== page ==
I jokingly tell people these days that I can’t wait to be in my forties.
I tell them that I think I’m getting better with age, and that I wasn’t very good at being young. At least the parts of me that crave adventure come in different forms.
As a kid, I was not the bravest or loudest or most outgoing.
Knowing what I know now, as an adult, I was so nervous and apprehensive about the outside world. I craved affirmation and I wanted to feel good about the kind of person I was. It always felt right to be kind, and I believe that to this day. I treat people like I want to be treated, as archaic as that rule sounds, it works well for me.
And then came kitchen work.
Intense. Hot and fast with a million moving pieces.
I learn about myself in these moments. I learn about working hard and smart and humbly doing things for people they’ll never be able to repay you for.
Somehow, this works for me.
I take a break from my keyboard to squeeze my hands open and close. Yesterday was a 14-hour day involving a wedding where I spent most of the night emptying garbage cans full of beer bottles and half eaten pieces of food. The other part of the night was spent scrubbing hotel pans and jamming leftover bits of wedding food in my face so I wouldn’t have to partake in that Whopper Jr that so taunts me on my drive home.
It is always humbling to do this work.
I guess in the states, I struggle with the mentality that this work is for people riddled in confusion and transition and poverty. Granted, we do make up a big part of that work force. But some of us want to do this with our lives because we think it’s important. To me, I see a bride and groom who appreciate empty garbage cans so they can enjoy this moment with their friends and family. (I exclude the drunk bro-crowd who laughingly threw their trash in said garbage cans as I was straining to lift them through winding crowds of beautifully dressed Southerners.)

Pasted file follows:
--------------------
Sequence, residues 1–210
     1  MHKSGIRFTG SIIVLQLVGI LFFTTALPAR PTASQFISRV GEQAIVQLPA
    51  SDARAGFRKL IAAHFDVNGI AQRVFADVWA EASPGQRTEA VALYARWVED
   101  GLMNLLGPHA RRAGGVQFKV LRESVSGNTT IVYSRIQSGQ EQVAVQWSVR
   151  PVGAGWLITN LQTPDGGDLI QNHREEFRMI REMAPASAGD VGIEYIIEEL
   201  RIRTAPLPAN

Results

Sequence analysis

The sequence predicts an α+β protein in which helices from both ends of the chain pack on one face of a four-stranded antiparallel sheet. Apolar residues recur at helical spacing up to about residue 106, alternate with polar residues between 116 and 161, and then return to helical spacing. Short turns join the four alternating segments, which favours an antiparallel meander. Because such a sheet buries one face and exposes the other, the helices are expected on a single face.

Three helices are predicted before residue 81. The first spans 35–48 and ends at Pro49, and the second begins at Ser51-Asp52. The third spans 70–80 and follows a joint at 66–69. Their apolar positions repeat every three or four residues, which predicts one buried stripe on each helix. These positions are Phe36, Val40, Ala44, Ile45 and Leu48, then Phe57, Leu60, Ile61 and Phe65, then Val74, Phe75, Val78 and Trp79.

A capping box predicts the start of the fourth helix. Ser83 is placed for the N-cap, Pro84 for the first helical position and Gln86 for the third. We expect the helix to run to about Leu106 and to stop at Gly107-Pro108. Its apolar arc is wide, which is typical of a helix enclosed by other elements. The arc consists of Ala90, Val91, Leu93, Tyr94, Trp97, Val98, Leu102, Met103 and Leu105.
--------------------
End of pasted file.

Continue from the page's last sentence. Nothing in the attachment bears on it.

And so, with the steam rising from the tray of dishes I just pulled through the sanitizer, I think about the shootings in France. The massacres in Nigeria. I think about my friends who have recently lost loved ones. I think about my own heart being pulled in so many directions. I feel a knot in my stomach for some reason, and I also hum along with the sound of my muffled phone playing through its “closing down the kitchen” playlist.
It makes sense that our skin gets thicker with time, and that getting older helps us fit more into that skin.
We somehow make this world work for us even with the knowledge that there will be sadness supped with joy.
Hard times, come again no more, so the song says.
We sing, but we know they will. We still find moments to say we are good and happy and content. In those moments, it is all worth it to be human. To accept the give and take.
The ebb and flow.
The changing of times,
and perhaps a good word or two.